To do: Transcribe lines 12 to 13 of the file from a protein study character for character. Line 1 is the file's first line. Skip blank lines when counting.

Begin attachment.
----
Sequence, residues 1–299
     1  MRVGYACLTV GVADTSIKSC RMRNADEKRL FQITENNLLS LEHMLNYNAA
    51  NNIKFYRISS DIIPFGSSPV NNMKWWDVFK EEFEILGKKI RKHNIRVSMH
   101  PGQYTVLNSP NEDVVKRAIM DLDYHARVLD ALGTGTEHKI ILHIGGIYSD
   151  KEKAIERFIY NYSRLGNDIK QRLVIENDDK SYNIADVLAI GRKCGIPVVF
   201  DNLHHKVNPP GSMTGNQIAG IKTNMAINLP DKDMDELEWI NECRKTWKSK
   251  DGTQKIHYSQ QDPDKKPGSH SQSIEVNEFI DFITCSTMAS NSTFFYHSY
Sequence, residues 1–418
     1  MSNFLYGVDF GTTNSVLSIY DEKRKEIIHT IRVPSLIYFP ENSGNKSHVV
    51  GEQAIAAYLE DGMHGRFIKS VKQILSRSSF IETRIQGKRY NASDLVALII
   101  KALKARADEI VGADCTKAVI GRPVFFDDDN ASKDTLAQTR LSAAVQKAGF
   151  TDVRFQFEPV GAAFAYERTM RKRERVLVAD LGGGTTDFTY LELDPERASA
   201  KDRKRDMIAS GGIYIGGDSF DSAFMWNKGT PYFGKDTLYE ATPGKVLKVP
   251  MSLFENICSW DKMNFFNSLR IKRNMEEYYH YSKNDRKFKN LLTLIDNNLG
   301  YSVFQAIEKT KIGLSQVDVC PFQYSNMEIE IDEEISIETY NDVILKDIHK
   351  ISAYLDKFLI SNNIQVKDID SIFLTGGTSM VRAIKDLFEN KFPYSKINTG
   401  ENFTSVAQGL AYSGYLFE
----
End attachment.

   151  TDVRFQFEPV GAAFAYERTM RKRERVLVAD LGGGTTDFTY LELDPERASA
   201  KDRKRDMIAS GGIYIGGDSF DSAFMWNKGT PYFGKDTLYE ATPGKVLKVP